In its favor, glyphosphate is one of the mildest of all pesticides. Its toxicity is 25 times less than that of the caffeine in your coffee. Beyond all that, the use of this insecticide facilitates no-till farming and decreases topsoil loss. It also reduces CO2 emissions and improves soil quality.

And if that doesn't convince you, let me throw the economic argument at you: If all the rumors about tumors and toxicity were true, the company would have gone out of business, the victim of countless non-frivolous lawsuits. Additionally, dead customers are the worst of all because they rarely make for repeat business.

I'll acknowledge that Monsanto might be evil in other ways, like exploitation of workers or resources, but not so much in trying to produce stronger crops.

Crop

What Does Science, Real Science, Say About GM Food?

The American Association for the Advancement of Science, the American Medical Association, and the National Academy of Science are all firmly in GMO's corner. The US Food and Drug Administration, a bunch of scientific sticklers if there ever was one, has examined the research and found GM foods to be safe.

Likewise, the European Commission has funded 130 research studies on GM foods, carried out by more than 500 independent teams, and none found any unique risks.

Maybe tangible, real world facts rather than safety statistics carry more weight with non-believers: GM crops have lowered the price of food, increased safety by lowering the amount of pesticides used, and increased output of several crops by 20 to 30%, perhaps allowing some people to survive who otherwise might have perished.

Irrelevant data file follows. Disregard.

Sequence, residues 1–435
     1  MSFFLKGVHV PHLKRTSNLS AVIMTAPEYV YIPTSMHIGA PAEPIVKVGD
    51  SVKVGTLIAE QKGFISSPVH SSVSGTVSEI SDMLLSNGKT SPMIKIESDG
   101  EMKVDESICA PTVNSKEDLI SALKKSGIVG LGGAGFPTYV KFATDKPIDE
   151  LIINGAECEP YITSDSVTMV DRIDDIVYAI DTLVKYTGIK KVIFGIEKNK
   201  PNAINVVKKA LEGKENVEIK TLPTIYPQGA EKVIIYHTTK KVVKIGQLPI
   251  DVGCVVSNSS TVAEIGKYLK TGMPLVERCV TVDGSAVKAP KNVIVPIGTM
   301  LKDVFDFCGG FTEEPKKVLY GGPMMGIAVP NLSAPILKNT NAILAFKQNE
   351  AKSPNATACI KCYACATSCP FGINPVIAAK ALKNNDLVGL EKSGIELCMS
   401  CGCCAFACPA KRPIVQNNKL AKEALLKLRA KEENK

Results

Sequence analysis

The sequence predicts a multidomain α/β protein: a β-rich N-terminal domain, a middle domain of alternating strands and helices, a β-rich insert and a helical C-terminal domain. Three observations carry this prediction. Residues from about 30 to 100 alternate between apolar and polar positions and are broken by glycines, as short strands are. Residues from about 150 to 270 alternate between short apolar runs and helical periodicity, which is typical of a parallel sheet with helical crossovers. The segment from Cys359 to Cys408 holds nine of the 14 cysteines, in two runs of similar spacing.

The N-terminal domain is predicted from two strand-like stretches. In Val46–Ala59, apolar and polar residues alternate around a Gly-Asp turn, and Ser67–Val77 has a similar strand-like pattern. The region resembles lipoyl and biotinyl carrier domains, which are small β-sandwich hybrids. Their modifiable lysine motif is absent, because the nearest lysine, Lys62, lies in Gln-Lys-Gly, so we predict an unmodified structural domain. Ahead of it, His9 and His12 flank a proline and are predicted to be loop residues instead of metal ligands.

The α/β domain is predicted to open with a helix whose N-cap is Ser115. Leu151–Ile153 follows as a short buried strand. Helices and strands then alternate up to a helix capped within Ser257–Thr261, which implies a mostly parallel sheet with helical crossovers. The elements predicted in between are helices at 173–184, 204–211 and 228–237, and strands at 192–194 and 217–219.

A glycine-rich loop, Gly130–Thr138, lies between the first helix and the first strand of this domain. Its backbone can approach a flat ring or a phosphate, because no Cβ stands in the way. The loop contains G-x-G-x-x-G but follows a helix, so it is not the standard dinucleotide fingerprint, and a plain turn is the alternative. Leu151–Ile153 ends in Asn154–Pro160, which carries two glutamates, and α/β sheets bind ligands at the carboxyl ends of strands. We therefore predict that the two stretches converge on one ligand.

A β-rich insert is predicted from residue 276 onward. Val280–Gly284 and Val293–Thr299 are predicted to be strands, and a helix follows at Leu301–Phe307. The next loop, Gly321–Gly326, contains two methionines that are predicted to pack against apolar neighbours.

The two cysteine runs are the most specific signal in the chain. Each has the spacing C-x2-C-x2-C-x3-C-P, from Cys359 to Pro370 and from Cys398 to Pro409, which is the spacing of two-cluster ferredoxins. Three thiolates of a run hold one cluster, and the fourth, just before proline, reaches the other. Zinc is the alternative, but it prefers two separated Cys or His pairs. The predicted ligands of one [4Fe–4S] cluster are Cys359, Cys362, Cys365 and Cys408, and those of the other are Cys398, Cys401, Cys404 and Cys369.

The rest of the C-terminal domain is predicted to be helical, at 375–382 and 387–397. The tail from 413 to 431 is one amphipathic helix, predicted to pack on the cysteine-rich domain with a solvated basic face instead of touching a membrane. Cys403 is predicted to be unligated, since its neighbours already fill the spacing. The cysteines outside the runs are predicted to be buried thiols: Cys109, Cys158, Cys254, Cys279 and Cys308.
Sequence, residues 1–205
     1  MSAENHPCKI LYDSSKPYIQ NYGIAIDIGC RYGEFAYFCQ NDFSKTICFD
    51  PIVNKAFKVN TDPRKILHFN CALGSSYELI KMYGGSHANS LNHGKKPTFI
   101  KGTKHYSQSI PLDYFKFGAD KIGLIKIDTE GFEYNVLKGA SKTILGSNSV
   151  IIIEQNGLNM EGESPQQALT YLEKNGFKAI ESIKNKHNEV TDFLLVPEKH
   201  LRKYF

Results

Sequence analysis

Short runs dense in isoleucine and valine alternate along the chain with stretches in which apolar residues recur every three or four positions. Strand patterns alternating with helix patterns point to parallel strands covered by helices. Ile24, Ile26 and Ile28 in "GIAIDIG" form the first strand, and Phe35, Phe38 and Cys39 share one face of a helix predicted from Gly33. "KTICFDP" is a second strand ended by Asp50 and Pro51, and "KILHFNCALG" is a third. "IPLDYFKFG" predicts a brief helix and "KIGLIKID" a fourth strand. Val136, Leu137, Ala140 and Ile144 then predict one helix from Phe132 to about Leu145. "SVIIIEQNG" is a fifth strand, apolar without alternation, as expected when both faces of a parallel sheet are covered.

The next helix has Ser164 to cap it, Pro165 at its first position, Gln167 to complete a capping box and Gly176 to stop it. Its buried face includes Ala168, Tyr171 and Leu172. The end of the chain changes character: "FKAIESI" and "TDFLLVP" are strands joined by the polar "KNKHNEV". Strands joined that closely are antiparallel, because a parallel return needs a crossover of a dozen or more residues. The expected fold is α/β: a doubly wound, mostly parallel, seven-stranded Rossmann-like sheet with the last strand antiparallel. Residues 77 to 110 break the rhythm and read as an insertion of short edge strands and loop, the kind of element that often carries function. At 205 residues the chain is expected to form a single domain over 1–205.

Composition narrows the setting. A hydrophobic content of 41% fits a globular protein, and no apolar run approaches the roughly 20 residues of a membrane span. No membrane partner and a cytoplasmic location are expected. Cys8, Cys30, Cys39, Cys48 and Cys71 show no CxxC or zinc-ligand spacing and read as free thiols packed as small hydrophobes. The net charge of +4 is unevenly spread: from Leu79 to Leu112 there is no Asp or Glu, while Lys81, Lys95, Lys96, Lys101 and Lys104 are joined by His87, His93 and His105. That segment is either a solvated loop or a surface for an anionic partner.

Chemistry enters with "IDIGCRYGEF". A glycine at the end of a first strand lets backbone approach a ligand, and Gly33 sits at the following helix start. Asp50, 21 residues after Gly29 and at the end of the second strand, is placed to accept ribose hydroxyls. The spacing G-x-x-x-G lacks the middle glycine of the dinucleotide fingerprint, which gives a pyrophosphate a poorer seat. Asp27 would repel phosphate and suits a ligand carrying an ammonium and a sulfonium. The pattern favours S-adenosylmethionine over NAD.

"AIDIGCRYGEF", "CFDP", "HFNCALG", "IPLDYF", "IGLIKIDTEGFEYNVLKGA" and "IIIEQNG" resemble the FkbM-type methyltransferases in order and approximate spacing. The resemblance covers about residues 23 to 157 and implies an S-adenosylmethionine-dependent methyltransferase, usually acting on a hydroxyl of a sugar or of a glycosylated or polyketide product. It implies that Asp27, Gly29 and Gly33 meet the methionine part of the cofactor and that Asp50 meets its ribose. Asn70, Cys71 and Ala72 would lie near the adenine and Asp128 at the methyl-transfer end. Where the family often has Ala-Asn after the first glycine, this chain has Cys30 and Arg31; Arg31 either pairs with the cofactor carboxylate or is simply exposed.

That GM-Zucchini Ate My Aunt's Face

Plant biologist Robert Goldberg of UCLA, speaking in Scientific American, has complained bitterly about the GM food controversy:

"Frankenstein monsters. Things crawling out of the lab. This is the most depressing thing I've every dealt with. Today, we're facing the same objections we faced 40 years ago.

"In spite of hundreds of millions of genetic experiments involving every type of organism on earth, and people eating billions of meals without a problem, we're back to being ignorant (3)."

Will people ever accept the safety (and wisdom) of GM foods? Can we nullify the Dunning-Kruger effect as it pertains to GMO? Nicholas Light, co-author of the study that found the inverse knowledge gap among GM haters said, "Our findings suggest that changing peoples' minds first requires them to appreciate what they don't know."

Here's hoping that this article will play a small part in that.

References

  1. Fernbach, P; Light, Nicholas; et al. "Extreme opponents of genetically modified food know they least but think they know the most." Nature – Human Behavior, 14 January, 2019.
  2. Fedoroff, Nina, "Can We Trust Monsanto With Our Food?" Scientific American," July 25th, 2013.
  3. Freedman, David H., "The Truth About Genetically Modified Foods," Scientific American, August 20th, 2013.